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Development of an accelerometer-based multivariate model to predict free-living energy expenditure in a large military cohort


Reference:

Horner, F., Bilzon, J.L., Rayson, M., Blacker, S., Richmond, V., Carter, J., Wright, A. and Nevill, A., 2013. Development of an accelerometer-based multivariate model to predict free-living energy expenditure in a large military cohort. Journal of Sports Sciences, 31 (4), pp. 354-360.

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Official URL:

http://dx.doi.org/10.1080/02640414.2012.734632

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Abstract

This study developed a multivariate model to predict free-living energy expenditure (EE) in independent military cohorts. Two hundred and eighty-eight individuals (20.6 ± 3.9 years, 67.9 ± 12.0 kg, 1.71 ± 0.10 m) from 10 cohorts wore accelerometers during observation periods of 7 or 10 days. Accelerometer counts (PAC) were recorded at 1-minute epochs. Total energy expenditure (TEE) and physical activity energy expenditure (PAEE) were derived using the doubly labelled water technique. Data were reduced to n = 155 based on wear-time. Associations between PAC and EE were assessed using allometric modelling. Models were derived using multiple log-linear regression analysis and gender differences assessed using analysis of covariance. In all models PAC, height and body mass were related to TEE (P < 0.01). For models predicting TEE (r 2 = 0.65, SE = 462 kcal · d−1 (13.0%)), PAC explained 4% of the variance. For models predicting PAEE (r 2 = 0.41, SE = 490 kcal · d−1 (32.0%)), PAC accounted for 6% of the variance. Accelerometry increases the accuracy of EE estimation in military populations. However, the unique nature of military life means accurate prediction of individual free-living EE is highly dependent on anthropometric measurements.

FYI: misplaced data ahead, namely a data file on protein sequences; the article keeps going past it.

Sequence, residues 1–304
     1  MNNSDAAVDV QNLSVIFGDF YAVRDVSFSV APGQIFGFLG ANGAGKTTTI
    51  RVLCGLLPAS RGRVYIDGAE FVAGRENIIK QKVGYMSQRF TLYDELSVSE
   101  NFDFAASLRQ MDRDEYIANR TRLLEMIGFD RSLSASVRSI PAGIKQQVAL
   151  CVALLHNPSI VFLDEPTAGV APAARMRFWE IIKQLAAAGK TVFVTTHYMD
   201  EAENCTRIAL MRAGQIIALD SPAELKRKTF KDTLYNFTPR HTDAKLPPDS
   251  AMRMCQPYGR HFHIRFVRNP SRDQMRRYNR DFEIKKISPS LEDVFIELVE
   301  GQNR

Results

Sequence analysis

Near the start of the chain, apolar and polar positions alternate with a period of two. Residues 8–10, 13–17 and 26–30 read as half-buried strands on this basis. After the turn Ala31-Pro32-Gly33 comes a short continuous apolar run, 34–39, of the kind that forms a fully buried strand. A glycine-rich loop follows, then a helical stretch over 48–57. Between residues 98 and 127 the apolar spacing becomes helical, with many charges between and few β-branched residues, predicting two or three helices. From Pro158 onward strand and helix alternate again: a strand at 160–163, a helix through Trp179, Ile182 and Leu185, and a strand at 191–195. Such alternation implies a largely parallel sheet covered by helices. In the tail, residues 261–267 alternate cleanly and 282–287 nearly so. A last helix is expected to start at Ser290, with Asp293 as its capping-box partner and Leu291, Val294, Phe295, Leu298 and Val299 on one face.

Details

Item Type Articles
CreatorsHorner, F., Bilzon, J.L., Rayson, M., Blacker, S., Richmond, V., Carter, J., Wright, A. and Nevill, A.
DOI10.1080/02640414.2012.734632
Related URLs
URLURL Type
http://www.scopus.com/inward/record.url?scp=84869038123&partnerID=8YFLogxKUNSPECIFIED
DepartmentsFaculty of Humanities & Social Sciences > Health
RefereedYes
StatusPublished
ID Code33762

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